I rewrote the C bits of sendkeys in ctypes a while ago... and I see someone else did it too:

If I remember it should be a drop in replacement for sendkeys (only the import line has to change)

Got something that works, using win32api.keybd_event.

Looks like SendInput would be safer, but pywin32 does not include it.

[ edit: See a SendInput version in the accepted answer below. I leave this message here in case someone prefers to use sendkeys. jh ]

This page helped:

Code that works:

import win32api; import win32ui

PyCWnd1 = win32ui.FindWindow( None, "an_app" )

win32api.keybd_event(0x12, 0, ) # Alt
win32api.keybd_event(0x12, 0, 2 ) # Alt release
win32api.keybd_event(0x46, 0, ) # F
win32api.keybd_event(0x52, 0, ) # R

This does File > Reload in the app. Does not work if the app is minimized

Without releasing Alt, after running this, the keyboard behaved like i was holding the Alt key! Don't seem to need to release the other keys

  • When I have time, I'll try calling SendInput via ctypes. Btw, I'll use this in a tk app which modifies a file used by the other app. It needs to tell the other app to save before and reload after. Nice of that app not to lock the file :) – jh45dev Dec 1 '09 at 6:56
  • Using the SetFocus() method gives an error for me, but luckily it isn't needed. – hazzey Jun 29 '14 at 2:57

You want the keybd_event API. My PushKeys program is syntax compatible with SendKeys and has a sleep function built in. Although it isn't in Python it should be translatable readily enough (its been translated into a lot of languages - at least it should show you the API to use). It is available here in a variety of languages.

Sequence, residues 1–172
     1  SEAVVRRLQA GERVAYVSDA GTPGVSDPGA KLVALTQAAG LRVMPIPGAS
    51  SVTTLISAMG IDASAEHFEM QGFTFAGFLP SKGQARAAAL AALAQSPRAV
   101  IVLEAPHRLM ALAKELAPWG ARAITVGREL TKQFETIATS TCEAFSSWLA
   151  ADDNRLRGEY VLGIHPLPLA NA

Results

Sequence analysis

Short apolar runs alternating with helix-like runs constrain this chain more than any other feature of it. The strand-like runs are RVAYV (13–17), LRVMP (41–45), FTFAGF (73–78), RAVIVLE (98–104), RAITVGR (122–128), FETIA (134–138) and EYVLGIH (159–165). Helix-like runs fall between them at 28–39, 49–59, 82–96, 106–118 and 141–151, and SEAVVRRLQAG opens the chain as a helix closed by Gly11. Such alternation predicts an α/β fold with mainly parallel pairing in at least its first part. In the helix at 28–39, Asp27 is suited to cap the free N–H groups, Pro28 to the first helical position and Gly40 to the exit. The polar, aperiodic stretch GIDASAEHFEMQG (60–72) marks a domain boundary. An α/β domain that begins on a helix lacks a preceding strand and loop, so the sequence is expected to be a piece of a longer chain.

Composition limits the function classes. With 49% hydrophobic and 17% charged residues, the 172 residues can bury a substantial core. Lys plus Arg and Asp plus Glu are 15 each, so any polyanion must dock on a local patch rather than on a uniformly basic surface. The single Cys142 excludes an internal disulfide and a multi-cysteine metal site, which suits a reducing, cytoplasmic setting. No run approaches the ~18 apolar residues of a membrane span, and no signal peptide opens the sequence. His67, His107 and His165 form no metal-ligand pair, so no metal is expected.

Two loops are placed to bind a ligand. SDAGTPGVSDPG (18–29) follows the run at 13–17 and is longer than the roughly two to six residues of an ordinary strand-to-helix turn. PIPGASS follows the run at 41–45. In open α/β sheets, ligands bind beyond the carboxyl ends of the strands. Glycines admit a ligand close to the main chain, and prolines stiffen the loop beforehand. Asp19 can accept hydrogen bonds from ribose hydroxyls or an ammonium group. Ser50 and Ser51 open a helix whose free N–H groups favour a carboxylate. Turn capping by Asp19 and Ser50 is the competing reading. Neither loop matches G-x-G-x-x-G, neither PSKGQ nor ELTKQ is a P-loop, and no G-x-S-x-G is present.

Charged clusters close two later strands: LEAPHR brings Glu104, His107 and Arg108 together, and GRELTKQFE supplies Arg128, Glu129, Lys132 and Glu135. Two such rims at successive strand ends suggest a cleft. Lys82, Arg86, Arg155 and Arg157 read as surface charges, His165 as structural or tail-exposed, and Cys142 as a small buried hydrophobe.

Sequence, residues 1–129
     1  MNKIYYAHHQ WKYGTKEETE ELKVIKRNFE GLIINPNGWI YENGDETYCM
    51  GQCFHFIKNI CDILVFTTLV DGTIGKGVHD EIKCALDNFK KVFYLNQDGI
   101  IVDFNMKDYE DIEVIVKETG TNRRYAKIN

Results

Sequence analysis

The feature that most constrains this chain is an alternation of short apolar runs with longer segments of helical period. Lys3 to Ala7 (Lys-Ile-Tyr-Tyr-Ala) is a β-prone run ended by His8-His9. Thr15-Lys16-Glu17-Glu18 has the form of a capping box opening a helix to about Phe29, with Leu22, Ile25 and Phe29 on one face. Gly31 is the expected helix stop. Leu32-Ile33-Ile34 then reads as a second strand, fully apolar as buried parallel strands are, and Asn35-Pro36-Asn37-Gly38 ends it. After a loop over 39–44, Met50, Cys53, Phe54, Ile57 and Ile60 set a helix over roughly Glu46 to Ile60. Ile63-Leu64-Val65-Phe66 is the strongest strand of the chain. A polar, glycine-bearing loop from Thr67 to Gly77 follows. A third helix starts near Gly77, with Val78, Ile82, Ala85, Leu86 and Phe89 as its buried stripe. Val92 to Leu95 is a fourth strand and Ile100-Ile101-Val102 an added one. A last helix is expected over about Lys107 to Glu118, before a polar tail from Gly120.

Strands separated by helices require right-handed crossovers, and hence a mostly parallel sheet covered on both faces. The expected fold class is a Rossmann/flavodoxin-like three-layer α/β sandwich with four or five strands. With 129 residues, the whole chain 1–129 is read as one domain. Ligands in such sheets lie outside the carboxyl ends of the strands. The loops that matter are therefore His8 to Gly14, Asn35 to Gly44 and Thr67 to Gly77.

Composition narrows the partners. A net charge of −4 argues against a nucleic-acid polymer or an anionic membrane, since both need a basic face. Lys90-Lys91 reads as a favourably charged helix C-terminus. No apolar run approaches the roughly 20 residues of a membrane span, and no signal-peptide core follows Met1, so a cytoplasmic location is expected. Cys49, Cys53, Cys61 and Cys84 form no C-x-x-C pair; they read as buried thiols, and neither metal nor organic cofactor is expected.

• Thanks Chris, but i'm not smart enough to figure out how to use it in Python ;) Wish i knew how to tell pywin32 to send keys. pywin32's win32ui mentions WM_CHAR in HookKeyStroke(), but hook seems to be the reverse of send. (Hope I can get this working by Thursday night :) – jh45dev Dec 1 '09 at 4:08
  • Did the obvious and loooked in pywin32 help ;) There is a win32api.keybd_event there, so maybe i can make that work for now. just have to go and look up the virtual-key codes. – jh45dev Dec 1 '09 at 4:20
  • You can get the virtual key codes from the VB source in the link. If I knew Python I'd translate it for you - the code is pretty simple. – Chris Latta Dec 1 '09 at 6:01
  • This is my first post at Stack Overflow. Not sure what to do about giving points in this situation... please advise ;) – jh45dev Dec 1 '09 at 6:43
  • You've done the right thing and answered your own question with a solution. You should mark that as being the accepted answer so people know the question has been answered. As for points, if an answer is helpful or informative click the up arrow, otherwise there's no reason to – Chris Latta Dec 1 '09 at 12:28